Some Christians view Glastonbury as the antithesis of everything holy. On the contrary, this temporary city of half a million people reflects the joy of all God’s creation, as well being as a huge opportunity to show Christ’s love, says Caroline Gregory
Like many, I fell in love with Glastonbury the first time I came, over 15 years ago. I have been to other music festivals, but it is true what people say - there really is nothing that compares. All ages attend, from infants in prams (special rugged wheels essential) to the elderly, sometimes with mobility scooters (special rugged wheels also essential). Lots of us on crew have ‘Glastonbury families’ - people we only see here for a week each year. We exclaim over how much everyone has grown as our children run around the crew camping fields with no adult supervision, because everyone knows they will be safe.
You gave me a home when I felt homeless in my soul - Clare
Then there is the fact that you could hate all the music and still be overwhelmed with the choice of things to do. Whether it’s listening to a debate, attending a craft workshop, getting a massage or watching a dance performance, boredom is impossible. But perhaps the thing that makes Glastonbury really stand out is its sheer size. Over 200,000 ticket holders join an even greater number of crew members. There are around 3,000 musical acts over five days on 80 different stages. The boundary fence is nearly nine miles long.
A city in a field
This temporary city of half a million people obviously requires vast amounts of infrastructure and services. Glastonbury Festival has its own mini hospital, fire engines and, famously, mostly polices itself too. Ever since my first Glastonbury, as a Christian I’ve also thought: This city needs a church.
Then I found out it has one! The Church at Glastonbury overlooks the fields and tents in front of the Pyramid Stage. Along with its Sanctuary Marquee, it offers water for the dehydrated, a listening ear and a place to rest; somewhere to share stories and be loved. All of which sounds very much like the things that Jesus offered.
Lee Barnes, warden of readers for the Diocese of Gloucester, has been involved with this glorious spiritual oasis for the past 30 years. He says: “I love festival spirituality, searching for the places of grace where human flourishing can be witnessed and experienced. I believe we are simply trying to follow Jesus in loving others.” But surely Glastonbury is a hedonistic, naively-idealistic pretence, some ask? Lee could not disagree more. “Sure, sometimes you witness the antithesis of human flourishing,” he says. “Yet it does give an important glimpse into a significant part of our culture – which is phenomenally creative, inspiring, challenging, and transformative.” He is there, along with his whole Christian community, he says, to celebrate and share ”in myriad reflected stages of life: there can be births, baptisms, wedding blessings and on occasion, sadly, deaths; there is communion shared; there is creativity through music, art, theatre, comedy, conversations.”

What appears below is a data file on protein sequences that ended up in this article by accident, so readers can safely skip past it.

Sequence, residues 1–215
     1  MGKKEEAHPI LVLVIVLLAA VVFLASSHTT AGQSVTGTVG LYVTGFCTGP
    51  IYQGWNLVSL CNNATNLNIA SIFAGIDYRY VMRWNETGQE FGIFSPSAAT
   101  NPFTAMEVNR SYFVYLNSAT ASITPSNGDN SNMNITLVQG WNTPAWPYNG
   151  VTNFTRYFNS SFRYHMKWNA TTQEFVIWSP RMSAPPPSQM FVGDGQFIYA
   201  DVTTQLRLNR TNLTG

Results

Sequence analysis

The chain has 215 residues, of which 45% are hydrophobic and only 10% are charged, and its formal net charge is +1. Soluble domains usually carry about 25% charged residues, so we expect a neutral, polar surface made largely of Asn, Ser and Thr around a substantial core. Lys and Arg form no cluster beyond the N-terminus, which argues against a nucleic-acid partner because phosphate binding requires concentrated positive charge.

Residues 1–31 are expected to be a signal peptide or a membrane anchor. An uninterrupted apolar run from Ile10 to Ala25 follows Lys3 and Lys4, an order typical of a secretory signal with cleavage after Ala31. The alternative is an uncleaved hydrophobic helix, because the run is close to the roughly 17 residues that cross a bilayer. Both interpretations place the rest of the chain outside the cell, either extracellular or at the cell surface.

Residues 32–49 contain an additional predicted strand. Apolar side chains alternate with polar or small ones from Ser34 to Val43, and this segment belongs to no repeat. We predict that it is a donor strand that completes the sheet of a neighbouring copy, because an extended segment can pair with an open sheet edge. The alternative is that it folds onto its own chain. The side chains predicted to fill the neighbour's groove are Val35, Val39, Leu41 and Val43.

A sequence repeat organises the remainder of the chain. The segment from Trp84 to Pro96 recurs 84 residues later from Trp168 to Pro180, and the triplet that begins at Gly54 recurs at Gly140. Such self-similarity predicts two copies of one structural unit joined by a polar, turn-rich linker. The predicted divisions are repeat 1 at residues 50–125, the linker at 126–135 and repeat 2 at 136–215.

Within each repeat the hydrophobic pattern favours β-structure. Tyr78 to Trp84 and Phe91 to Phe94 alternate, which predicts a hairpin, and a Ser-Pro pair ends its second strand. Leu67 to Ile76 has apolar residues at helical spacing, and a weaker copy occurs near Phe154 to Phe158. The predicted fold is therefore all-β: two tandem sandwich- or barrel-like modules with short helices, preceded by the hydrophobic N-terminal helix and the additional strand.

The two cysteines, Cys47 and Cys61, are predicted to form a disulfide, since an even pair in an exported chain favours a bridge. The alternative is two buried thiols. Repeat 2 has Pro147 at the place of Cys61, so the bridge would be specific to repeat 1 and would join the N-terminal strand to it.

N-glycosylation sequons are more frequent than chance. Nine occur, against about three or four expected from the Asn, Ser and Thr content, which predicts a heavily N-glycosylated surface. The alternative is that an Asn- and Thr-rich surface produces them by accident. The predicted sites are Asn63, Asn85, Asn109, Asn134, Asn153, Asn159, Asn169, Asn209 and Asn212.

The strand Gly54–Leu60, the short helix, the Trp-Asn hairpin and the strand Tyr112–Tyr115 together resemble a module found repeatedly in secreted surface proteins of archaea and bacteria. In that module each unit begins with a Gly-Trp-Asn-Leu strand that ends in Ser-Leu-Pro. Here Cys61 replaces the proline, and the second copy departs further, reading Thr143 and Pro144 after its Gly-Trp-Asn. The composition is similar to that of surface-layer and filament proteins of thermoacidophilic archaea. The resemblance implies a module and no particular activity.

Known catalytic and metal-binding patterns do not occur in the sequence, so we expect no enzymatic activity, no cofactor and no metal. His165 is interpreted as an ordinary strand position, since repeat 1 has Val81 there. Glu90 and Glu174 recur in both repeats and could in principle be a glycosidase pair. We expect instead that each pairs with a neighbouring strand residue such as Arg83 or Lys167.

Lee’s dedication to this witness and service is clear to see. As temperatures soared yesterday, we sat in a shady spot with a pint of cider as he dealt with admin: arranging services, booking wedding blessings and conducting media interviews. Working at a festival is different to simply attending, but in my years on crew, I have found it offers a bigger experience. You can take part in everything, but also step back to see the wonderful spectacle of this temporary city, how it works, and the great assortment of humans involved. It offers a chance to engage with a greater sphere of diversity than any of us encounter in our daily lives - and therefore, a chance to serve and reach them.
I felt drawn to this person called Jesus. At that moment my life changed – Harry
As the festival kicked off, I popped into a service of reflection. As we sang worship songs and prayed, the love for this place and the people who come here shone through. Lee has many stories of the impact their presence has had, such as Clare K’s experience. “I came to the festival with a group of friends and, after about 24 hours, I realised all they wanted to do was get off their heads as much as possible. I suddenly felt very alone as I realised I did not want this for my life. You gave me a home when I felt homeless in my soul,” she said.
Finding the hidden gems
Part of the Glastonbury experience is always the hidden gems that you stumble across on your way to somewhere else. For some, that hidden gem is Jesus. Harry S describes how he “had gone for a walk to grab a cup of tea and in the distance, I could hear some music. I felt pulled towards this white marquee, which I thought was a hospital because of the cross on the top. I suddenly realised people were singing to God and, in the prayers, I felt drawn to this person called Jesus. At that moment my life changed.”
Lee emphasises that “we can embrace the playfulness given as a gift from our Creator, a festival-God whose sanctuary and love is for all. The Church as a whole, I suggest, needs to embrace this often in its mission wherever and whenever it can.”
Christians describe being ‘in the world but not of the world’ (John 15:19) but, in reality, that is often used to justify a separateness that is neither what the Bible actually suggests nor what Jesus did. In 1 Corinthians 9:19-23, Paul describes how he did not simply attempt to relate to different sections of society but actually “became” like those he wanted to reach. And he makes his motives clear: “I have become all things to all people so that by all possible means I might save some. I do all this for the sake of the gospel, that I may share in its blessings.” Meeting people where they already are, and becoming part of their experience, is exactly what The Church at Glastonbury is doing. In some fields in Somerset where, for one week in June, there are half a million people.